Brass Sun is incredibly problematic. I don’t think I’ve read such a spotty first issue in a while, particularly one where the writer–Ian Edginton–just keeps going and going until he makes the narrative connect. And it takes this issue a long time, until the last fourth.
The comic is collected from 2000 AD, which probably explains a lot of the disjointed nature of the narrative. Then there’s the art–I.N.J. Culbard’s art seems more appropriate for black and white than color. I’m pretty sure AD is still black and white.
There’s too much exposition, not enough tone, Edginton awkwardly establishes the characters–the problems go on and on and they’re very obviously the fault of the packaging. So when Edginton finally gets to something effective and it’s good, it seems really good. It redeems the issue.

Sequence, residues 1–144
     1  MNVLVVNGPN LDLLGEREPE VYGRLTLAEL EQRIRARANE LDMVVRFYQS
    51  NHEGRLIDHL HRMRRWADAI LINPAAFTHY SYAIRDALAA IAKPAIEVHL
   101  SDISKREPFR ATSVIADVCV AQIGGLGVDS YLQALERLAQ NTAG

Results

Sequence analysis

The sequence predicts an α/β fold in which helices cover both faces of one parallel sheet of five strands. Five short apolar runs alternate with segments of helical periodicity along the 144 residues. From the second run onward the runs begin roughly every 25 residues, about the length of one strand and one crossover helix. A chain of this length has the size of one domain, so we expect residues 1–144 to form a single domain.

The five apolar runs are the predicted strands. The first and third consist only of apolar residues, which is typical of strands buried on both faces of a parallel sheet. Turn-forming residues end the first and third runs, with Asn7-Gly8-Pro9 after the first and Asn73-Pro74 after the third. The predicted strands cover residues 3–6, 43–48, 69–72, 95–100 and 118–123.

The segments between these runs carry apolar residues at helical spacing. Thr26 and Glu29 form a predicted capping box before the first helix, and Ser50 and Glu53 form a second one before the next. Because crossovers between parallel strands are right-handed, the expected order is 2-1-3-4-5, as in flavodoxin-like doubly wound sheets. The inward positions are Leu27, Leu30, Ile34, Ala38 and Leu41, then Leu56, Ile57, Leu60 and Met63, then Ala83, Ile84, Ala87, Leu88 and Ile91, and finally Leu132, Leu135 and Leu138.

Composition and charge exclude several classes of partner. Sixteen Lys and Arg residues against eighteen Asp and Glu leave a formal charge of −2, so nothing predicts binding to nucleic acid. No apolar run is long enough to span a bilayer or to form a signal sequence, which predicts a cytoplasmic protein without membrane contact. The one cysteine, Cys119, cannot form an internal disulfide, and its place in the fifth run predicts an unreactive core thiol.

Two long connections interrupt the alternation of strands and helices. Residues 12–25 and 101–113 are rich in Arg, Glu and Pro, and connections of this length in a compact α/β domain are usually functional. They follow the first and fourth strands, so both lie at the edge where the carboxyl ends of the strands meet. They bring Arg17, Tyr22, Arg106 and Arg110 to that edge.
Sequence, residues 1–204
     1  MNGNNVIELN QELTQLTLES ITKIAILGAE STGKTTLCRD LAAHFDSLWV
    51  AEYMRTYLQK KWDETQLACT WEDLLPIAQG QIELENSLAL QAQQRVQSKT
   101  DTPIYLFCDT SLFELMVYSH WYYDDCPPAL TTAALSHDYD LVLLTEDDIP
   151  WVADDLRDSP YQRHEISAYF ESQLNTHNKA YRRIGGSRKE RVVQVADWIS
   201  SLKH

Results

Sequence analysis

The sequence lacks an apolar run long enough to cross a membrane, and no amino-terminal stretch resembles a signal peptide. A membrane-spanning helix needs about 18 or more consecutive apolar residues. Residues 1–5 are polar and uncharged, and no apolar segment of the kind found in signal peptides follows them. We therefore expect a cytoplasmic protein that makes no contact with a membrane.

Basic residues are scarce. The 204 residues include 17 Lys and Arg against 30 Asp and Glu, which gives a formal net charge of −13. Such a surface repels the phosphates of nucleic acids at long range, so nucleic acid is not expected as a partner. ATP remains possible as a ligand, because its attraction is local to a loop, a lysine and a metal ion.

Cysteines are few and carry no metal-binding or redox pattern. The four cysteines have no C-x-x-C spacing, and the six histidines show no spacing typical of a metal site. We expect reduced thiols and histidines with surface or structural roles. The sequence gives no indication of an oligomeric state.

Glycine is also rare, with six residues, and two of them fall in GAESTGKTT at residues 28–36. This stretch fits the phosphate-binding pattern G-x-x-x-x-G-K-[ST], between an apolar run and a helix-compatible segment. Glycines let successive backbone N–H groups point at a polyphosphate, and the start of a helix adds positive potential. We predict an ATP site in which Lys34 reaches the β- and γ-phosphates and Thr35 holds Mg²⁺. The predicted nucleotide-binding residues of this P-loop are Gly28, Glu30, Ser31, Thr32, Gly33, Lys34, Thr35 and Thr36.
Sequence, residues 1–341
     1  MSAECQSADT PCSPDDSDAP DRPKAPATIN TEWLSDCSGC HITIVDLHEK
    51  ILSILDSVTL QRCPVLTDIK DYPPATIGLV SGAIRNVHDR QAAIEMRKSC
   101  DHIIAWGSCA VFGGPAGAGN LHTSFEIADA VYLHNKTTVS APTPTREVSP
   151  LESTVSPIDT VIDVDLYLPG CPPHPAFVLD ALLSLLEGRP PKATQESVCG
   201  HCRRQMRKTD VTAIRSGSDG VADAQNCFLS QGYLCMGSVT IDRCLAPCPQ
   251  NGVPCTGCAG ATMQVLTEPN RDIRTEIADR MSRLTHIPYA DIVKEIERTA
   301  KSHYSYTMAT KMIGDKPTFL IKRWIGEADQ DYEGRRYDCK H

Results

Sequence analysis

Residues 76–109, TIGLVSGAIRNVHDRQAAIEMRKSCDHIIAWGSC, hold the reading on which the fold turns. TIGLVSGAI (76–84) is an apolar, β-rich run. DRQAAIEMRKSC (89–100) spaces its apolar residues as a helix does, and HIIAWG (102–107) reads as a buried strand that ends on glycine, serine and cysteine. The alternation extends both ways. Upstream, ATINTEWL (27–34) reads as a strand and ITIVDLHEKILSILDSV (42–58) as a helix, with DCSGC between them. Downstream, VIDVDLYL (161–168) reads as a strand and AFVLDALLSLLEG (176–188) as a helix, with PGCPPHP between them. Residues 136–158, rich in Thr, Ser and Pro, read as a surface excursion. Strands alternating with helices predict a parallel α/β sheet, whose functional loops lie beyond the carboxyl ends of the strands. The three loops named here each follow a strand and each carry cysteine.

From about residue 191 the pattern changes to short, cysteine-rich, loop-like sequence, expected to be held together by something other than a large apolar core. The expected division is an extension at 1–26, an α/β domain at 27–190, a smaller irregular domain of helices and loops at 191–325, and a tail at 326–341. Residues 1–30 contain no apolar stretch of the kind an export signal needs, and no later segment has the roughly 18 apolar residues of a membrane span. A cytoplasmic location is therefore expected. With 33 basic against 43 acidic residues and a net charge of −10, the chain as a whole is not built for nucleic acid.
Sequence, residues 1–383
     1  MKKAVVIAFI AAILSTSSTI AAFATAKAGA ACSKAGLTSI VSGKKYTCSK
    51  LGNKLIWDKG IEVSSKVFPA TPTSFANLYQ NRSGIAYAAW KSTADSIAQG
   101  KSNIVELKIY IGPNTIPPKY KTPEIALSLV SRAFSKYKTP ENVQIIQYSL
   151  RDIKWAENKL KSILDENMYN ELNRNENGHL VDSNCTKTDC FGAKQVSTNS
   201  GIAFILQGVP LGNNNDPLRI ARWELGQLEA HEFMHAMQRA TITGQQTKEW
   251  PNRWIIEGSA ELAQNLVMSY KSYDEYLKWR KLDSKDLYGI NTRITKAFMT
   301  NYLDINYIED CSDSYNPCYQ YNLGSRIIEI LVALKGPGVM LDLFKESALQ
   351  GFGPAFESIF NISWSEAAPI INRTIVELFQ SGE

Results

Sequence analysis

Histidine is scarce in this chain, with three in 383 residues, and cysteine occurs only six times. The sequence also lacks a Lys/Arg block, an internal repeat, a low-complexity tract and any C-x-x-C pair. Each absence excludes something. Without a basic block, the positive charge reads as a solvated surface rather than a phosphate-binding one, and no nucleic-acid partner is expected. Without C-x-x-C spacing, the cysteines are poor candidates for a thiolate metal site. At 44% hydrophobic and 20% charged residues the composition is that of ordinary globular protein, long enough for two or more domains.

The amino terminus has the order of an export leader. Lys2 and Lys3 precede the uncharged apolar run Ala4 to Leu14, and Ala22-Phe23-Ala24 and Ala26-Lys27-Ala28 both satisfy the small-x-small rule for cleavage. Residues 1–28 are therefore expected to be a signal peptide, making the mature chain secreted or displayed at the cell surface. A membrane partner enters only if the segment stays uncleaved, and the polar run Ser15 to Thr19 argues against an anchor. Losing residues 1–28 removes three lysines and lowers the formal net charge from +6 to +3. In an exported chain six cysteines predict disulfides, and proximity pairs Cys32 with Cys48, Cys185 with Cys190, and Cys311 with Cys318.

The plot itself is vaguely unoriginal but I’m hoping the uptick will continue.
Writer, Ian Edginton; artist, I.N.J. Culbard; letterer, Ellie De Ville; editor, Matt Smith; publisher, Rebellion.